Nearly one-third of food produced is lost or wasted. During the month of September, FSNet-Africa focused on how we can reduce food loss and waste in pursuit of the SDG 2 goal of #ZeroHunger and the SDG 12 goal of ensuring sustainable consumption and production patterns (in particular SDG 12.3, which focuses on food loss and waste). To this end, the #FSNetAfrica4ZeroWaste campaign was launched.
To appreciate the importance of this type of campaign, one needs to understand what is meant by food loss and waste, the underlying causes thereof, and how this links to global sustainability goals such as those contained in the SDGs. Food loss typically happens in the earlier stages of the food supply chain (during production, processing, packaging, storage, and distribution) and involves a reduction in quality and/or quantity of food which then leads to food being disposed of prior to reaching retailers and consumers. Food waste occurs when actors towards the end of the food supply chain (specifically those who sell food directly to consumers and the consumers themselves) discard food because it has gone past its expiration date, has spoiled, or sometimes because of oversupply in markets.
The massive amounts of food that are produced but not actually eaten have far-reaching negative impacts in a world where the number of people suffering from malnutrition and facing acute hunger continues to rise, with current estimates indicating that more than a quarter of a billion (+-265 million) people live on the brink of starvation. These impacts include increased greenhouse gas emissions – among the primary drivers of climate change – and wastage of natural resources such as water. In fact, “around 38% of total energy consumption in the global food system is … utilized to produce food that is either lost or wasted”, and 70% of the water used globally is for agricultural purposes.
Reducing food loss and waste requires proactive steps at every stage in the food system. To explore what some of these steps might be, FSNet-Africa interviewed one of its fellows, Dr Antoinette Anim-Jnr, during an #InConversationWithFSNetAfrica episode on Twitter Spaces. Dr Anim-Jnr, who is a researcher and lecturer from the Department of Animal Science at Kwame Nkrumah University of Science and Technology in Ghana, is focusing on “Valorising fruit by-products for sustainable small ruminant production in Ghana” for her FSNet-Africa research project. This project explores the use of by-products from the fruit-processing industry as an alternative animal feed source. This not only aims to help make ruminant livestock production practices more eco-friendly and sustainable, but also aligns with global efforts to identify innovative ways to dispose of (and utilise) food waste.
Another highlight of the #FSNetAfrica4ZeroWaste campaign was the commemoration of International Day of Awareness of Food Loos and Waste on 29 September. Researchers in the FSNet-Africa network discussed approaches to guiding more nutritious and sustainable food choices by leveraging the entire food system in a research article entitled “Guiding Nutritious Food Choices and Diets along Food Systems”. This article emphasises that “food loss and waste is now appreciated as key to sustainable food supply chains. Investment and incentivised initiatives are needed to foster diverse food production, preservation, [and] distribution and [to] influence consumers’ behaviour and consumption.”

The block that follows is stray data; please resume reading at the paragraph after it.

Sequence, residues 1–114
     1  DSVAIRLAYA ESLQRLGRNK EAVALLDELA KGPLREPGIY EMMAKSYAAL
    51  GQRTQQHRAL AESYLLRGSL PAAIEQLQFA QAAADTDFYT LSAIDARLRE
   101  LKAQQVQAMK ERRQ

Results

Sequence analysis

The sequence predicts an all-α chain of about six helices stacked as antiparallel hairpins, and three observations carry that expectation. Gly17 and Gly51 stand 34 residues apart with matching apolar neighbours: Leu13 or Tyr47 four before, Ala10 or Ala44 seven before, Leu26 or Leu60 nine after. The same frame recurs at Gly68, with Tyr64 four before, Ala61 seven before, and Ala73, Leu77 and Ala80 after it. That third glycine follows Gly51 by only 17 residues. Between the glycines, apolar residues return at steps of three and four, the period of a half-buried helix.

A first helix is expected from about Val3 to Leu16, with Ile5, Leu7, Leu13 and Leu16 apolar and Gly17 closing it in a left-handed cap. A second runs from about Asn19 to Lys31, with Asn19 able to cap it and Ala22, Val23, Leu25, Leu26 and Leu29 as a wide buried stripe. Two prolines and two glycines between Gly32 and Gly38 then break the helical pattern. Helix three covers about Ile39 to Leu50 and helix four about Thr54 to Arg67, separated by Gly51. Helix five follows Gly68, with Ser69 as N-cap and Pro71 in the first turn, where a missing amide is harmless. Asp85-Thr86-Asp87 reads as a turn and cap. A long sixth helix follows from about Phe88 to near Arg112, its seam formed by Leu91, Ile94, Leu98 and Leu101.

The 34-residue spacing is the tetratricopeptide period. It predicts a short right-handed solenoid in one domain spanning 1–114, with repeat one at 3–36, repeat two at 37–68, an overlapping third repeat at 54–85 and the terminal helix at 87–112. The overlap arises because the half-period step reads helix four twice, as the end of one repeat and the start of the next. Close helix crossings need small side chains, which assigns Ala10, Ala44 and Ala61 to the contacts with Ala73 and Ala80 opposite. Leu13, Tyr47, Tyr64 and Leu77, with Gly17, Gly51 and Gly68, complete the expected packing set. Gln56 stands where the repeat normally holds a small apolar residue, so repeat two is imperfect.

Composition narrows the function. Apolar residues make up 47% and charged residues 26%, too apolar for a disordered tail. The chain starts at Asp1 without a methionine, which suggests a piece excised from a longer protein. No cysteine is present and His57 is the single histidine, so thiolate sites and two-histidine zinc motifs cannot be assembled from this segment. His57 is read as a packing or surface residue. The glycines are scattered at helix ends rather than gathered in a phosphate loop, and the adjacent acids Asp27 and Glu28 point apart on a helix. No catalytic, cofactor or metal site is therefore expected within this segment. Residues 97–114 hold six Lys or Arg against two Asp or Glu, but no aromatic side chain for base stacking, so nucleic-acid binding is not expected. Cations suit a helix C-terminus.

o post-harvest losses (PHL) on women”. Dr Izdori discussed why and where tomato losses occur as well as strategies to reduce this.
Specific steps that can be taken by farmers, transporters, retailers, and consumers were outlined. For example, retailers are encouraged to display products in such a way as to reduce unnecessary exposure to temperature change, while consumers need to consider how they can change their behaviour around the buying and storage of fresh merchandise (e.g., buying ripe tomatoes to refrigerate/ freeze at home).
The culmination of #FSNetAfrica4ZeroWaste was a campaign on Twitter in which members of the network were encouraged to tweet responses to the question “What will you do to reduce food waste?” and then tag others to respond as well. This campaign brought the key messages around food loss and waste home by focusing on practical, real-world actions that everyday people can take. Some of the responses included freezing fresh produce to prevent them getting spoiled and in order to preserve them for later use, using food scraps for compost, and using oddly shaped or bruised vegetables first when cooking in order to avoid them getting spoiled.
As the proverb says: “waste not, want not”. All food systems actors need to contribute to efforts to use resources and commodities wisely – including through the reduction of food loss and waste – so that we have enough food and resources for all.